Expressions Hair Design v. Schneiderman Page 19

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Audio Transcription for Oral Argument - January 10, 2017 in Expressions Hair Design v. Schneiderman

Sonia Sotomayor:

The scheme does nothing to help that situation.

Steven C. Wu:

If I could answer just this question.

John G. Roberts, Jr.:

Sure.

Steven C. Wu:

That's correct, but I think this supports our point.

The scheme does not affect anything that sellers may say about their credit card costs.

The very narrow thing that it does is to put an imposition of a surcharge in the consumer transaction, and that's what's the classic economic conduct regulation.

John G. Roberts, Jr.:

Thank you, Counsel. Mr. Gupta, a minute.

Deepak Gupta:

Thank you, Mr. Chief Justice. The solicitor general agrees with us that this is a restriction of speech, but posits that the only thing that's left on the table is a disclosure rationale that New York abandoned in the courts below and is barely pressing here, and the problem with that is that this is a criminal speech restriction.

And so if your merchant is faced with compliance, they've got to know, if -- if you think this is a disclosure regime, what are we supposed to say? And typically a disclosure regime doesn't leave you in the dark about what you have to say.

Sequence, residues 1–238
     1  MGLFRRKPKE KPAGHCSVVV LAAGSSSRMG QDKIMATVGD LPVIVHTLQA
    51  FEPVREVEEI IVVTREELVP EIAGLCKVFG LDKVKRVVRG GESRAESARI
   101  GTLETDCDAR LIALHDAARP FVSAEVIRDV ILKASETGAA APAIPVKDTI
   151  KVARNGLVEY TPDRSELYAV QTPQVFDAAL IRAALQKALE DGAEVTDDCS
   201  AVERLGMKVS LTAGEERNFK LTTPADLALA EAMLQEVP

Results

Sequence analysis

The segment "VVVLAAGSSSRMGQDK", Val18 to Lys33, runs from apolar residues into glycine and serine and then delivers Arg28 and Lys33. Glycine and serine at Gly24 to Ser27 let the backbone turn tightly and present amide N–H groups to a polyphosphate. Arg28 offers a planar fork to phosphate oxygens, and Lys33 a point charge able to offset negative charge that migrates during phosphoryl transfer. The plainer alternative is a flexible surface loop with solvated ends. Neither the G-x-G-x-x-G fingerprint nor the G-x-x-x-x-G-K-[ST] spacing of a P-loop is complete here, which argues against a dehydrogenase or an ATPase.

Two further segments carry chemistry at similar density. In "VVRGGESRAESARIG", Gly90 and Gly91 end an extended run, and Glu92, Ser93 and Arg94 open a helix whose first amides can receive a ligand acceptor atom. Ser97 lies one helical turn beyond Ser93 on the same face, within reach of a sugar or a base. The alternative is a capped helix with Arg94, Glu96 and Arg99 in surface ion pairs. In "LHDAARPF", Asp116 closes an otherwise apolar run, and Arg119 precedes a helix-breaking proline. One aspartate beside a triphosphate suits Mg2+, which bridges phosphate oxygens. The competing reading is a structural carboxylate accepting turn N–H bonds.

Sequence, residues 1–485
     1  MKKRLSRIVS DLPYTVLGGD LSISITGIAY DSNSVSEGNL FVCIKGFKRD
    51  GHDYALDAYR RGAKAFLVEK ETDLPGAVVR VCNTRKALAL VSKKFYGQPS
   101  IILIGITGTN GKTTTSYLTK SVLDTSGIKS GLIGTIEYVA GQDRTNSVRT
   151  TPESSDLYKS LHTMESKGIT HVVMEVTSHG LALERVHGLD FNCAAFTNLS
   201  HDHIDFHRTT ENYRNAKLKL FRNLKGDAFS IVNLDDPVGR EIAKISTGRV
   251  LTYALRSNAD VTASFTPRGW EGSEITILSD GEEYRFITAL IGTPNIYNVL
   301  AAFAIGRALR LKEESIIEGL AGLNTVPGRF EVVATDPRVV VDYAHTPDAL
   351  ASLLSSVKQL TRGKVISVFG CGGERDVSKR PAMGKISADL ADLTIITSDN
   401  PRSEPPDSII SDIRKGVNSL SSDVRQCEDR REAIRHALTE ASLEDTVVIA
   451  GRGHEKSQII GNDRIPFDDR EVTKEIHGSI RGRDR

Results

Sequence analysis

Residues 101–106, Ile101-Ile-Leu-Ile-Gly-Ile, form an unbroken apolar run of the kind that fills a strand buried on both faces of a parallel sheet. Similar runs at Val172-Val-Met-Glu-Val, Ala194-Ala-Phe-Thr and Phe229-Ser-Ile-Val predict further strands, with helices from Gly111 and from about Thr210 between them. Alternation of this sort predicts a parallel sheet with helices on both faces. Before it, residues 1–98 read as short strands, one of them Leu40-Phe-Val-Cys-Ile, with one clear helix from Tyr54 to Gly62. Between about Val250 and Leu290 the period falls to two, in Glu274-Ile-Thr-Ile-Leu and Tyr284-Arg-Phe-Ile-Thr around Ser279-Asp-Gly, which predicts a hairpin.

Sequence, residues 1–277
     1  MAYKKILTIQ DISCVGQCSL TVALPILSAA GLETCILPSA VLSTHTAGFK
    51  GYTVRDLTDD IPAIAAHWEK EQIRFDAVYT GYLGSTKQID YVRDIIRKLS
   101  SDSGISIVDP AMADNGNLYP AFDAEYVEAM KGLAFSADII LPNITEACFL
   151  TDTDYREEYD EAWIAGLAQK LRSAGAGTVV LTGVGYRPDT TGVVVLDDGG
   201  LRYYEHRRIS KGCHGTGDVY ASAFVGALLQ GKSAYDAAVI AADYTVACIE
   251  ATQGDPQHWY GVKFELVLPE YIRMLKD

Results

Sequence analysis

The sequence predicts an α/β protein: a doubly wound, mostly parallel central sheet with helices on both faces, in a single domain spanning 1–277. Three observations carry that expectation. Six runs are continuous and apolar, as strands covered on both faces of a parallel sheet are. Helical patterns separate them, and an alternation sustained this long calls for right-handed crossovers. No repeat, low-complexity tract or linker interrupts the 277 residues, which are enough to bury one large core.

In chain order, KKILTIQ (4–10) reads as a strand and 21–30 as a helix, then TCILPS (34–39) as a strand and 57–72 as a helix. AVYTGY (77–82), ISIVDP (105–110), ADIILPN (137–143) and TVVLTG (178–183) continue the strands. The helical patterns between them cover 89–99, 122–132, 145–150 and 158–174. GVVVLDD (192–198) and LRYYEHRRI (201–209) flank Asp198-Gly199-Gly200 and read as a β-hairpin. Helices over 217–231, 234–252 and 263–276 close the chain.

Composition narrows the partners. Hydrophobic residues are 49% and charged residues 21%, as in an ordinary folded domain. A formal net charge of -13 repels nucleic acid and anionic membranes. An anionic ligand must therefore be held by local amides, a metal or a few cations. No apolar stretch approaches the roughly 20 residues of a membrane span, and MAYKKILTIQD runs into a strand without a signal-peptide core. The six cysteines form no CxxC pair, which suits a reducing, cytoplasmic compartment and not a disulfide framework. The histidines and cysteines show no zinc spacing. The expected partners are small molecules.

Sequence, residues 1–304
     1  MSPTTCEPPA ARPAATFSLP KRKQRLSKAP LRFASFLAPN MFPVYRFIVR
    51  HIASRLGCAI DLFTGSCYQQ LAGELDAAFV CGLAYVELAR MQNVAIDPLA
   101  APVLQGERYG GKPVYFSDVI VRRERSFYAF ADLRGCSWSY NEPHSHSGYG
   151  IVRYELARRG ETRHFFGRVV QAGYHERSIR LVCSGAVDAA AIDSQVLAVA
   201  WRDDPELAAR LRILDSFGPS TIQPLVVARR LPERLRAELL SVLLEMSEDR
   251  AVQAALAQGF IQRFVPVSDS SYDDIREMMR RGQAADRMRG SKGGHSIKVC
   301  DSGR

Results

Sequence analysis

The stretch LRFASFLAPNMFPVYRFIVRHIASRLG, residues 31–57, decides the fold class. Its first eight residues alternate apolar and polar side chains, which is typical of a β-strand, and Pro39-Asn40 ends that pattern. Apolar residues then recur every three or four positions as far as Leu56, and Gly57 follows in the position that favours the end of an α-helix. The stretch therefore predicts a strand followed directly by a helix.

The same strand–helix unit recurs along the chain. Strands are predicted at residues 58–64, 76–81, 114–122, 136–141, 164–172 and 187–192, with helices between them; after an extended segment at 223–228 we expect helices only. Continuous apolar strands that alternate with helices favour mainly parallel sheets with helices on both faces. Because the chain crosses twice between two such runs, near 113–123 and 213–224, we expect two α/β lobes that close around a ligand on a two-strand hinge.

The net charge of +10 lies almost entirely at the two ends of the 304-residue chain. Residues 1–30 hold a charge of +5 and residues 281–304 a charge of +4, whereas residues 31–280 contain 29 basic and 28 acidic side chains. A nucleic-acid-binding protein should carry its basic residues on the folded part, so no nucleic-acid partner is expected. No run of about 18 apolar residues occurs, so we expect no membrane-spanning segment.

The government tells you precisely what to say. And Zauderer recognized this problem.

It said that there are serious constitutional problems if you have a disclosure regime that does not tell the merchant precisely what to say. Zauderer isn't a free pass.

The government has hypothesized a regime that could exist, but if it did exist, it would still be subject to some First Amendment scrutiny.

And you would have to ask of that regime the question that Chief Justice Roberts asked, which is, do we think people are too dumb to do math and why in this one context do we think that? Could it be that it had something to do with suppressing the cost of credit cards. Thank you.

John G. Roberts, Jr.:

Thank you, counsel. The case is submitted.